IFC Project Delivers Internet to 10m in Emerging Markets

Connected-Globe-Internet.jpgGlobal development organisation IFC, a member of the World Bank Group, has completed its project to connect more than 10m people in 31 developing countries to affordable broadband in an effort to foster economic development.

The six-year project was undertaken with O3b Networks, a satellite operator, who built, launched and operate a medium-earth orbit satellite constellation that provides broadband connectivity in remote and landlocked nations.

The IFC helped the company close an investment gap by making a $10m (£7.6m) senior loan, providing $60m in financing and enabling an additional $170m in parallel loans by other institutions.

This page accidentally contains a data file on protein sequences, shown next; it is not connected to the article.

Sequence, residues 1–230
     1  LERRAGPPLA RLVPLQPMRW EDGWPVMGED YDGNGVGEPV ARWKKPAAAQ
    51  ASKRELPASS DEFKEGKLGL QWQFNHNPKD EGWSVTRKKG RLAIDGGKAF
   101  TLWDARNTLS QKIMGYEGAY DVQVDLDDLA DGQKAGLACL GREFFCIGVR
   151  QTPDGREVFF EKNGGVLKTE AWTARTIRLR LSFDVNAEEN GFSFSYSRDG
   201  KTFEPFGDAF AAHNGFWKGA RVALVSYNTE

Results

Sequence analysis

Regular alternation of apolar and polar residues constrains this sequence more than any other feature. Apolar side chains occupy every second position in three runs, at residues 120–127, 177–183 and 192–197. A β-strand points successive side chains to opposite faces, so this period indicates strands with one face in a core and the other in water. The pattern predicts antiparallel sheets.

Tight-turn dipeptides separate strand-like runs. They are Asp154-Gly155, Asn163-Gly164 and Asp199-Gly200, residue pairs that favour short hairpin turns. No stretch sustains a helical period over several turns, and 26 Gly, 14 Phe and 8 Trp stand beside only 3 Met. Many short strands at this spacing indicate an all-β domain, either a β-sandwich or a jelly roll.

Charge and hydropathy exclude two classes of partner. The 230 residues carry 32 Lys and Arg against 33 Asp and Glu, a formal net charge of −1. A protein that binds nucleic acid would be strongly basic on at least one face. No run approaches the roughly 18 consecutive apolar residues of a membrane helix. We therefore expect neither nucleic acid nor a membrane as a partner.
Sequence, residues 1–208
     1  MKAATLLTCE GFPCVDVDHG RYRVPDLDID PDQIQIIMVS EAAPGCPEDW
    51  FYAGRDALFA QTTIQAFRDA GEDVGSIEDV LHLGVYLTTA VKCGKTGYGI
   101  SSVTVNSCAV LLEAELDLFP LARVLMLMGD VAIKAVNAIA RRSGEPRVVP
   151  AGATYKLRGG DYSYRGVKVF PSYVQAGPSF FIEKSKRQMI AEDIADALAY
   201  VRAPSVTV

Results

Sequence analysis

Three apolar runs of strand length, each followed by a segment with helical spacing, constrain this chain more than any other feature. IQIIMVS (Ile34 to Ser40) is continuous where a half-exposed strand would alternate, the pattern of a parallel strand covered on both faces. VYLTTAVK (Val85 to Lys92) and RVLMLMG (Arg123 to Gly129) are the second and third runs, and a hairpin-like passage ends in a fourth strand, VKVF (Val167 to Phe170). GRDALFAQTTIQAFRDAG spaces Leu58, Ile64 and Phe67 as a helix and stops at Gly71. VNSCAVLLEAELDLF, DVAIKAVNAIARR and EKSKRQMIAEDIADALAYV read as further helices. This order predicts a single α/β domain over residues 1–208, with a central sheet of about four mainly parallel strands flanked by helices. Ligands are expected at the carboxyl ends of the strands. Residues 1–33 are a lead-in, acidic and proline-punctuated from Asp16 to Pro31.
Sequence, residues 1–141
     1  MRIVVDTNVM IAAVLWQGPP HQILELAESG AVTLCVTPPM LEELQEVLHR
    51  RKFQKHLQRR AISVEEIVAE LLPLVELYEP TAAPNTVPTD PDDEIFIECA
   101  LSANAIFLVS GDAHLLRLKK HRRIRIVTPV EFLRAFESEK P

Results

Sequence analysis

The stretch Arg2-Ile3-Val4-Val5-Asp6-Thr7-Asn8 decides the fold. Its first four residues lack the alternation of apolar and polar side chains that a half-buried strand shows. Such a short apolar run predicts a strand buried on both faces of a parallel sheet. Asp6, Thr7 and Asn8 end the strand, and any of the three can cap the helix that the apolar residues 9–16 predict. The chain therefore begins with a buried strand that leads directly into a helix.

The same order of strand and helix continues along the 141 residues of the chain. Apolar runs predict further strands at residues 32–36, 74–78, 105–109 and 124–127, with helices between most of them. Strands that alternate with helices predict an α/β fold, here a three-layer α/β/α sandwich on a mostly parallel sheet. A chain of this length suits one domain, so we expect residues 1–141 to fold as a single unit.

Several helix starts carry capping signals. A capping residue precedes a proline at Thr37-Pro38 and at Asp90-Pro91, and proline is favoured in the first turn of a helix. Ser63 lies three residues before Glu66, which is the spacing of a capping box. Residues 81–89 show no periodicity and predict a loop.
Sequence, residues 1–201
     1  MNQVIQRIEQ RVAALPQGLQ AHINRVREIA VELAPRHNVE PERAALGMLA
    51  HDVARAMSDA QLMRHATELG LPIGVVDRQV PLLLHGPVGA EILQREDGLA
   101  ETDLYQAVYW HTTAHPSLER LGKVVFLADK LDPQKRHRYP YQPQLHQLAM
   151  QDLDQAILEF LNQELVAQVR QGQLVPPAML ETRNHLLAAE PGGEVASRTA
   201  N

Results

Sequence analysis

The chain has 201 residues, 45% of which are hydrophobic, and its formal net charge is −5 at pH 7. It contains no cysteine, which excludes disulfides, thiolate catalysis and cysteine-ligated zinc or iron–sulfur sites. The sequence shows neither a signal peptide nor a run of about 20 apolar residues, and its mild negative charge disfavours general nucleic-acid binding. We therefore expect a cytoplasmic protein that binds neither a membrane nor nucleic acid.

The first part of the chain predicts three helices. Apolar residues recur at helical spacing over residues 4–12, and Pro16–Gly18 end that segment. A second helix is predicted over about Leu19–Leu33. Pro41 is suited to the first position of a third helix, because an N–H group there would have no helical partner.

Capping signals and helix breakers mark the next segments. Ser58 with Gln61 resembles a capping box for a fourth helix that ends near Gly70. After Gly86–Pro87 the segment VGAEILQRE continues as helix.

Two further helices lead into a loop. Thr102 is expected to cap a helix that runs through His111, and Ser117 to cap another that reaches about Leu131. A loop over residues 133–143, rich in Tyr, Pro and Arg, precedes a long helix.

“Broadband internet access is vital to a countrys competitiveness and economic development,” said Atul Mehta, director of telecommunications, media, technology, venture capital and private equity funds at IFC.

“New satellite technology can bring affordable broadband to places where it is needed most, supporting all economic sectors and providing people and businesses with access to key services such as eGovernment, eCommerce, remote medicine and online education.”

Research has shown that in developing nations, a 10 percentage point increase in fixed broadband penetration can raise GDP growth by 1.38 per cent. However, in many African nations, broadband is still over 200 times more expensive than in the US and Western Europe.

O3b Networks satellites can provide high-speed internet to underserved regions at a far lower cost compared to traditional geostationary satellites. Countries that have benefited include Papua New Guinea, Magagascar, Peru, Somalia, Samoa and the Democratic Republic of Congo, where over 4m people and businesses benefit from the service.